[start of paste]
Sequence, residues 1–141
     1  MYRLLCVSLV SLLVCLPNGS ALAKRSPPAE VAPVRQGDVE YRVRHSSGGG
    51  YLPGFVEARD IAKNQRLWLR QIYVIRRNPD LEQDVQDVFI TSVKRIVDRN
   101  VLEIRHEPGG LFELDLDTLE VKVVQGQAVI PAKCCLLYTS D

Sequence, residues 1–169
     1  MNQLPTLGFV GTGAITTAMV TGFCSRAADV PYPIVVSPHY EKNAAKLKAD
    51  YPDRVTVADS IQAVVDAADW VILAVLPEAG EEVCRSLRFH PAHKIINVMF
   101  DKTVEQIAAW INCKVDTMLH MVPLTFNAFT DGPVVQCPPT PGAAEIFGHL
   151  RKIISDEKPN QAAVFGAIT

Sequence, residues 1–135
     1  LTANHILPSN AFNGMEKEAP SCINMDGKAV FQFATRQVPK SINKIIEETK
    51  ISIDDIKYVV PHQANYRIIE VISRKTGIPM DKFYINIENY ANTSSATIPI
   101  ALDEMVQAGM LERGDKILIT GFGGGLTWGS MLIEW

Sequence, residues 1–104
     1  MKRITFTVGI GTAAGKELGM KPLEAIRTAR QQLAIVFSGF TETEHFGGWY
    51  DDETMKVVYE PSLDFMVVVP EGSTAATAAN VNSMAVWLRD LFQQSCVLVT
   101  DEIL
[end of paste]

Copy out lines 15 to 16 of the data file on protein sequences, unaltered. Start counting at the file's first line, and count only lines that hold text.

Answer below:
     1  MKRITFTVGI GTAAGKELGM KPLEAIRTAR QQLAIVFSGF TETEHFGGWY
    51  DDETMKVVYE PSLDFMVVVP EGSTAATAAN VNSMAVWLRD LFQQSCVLVT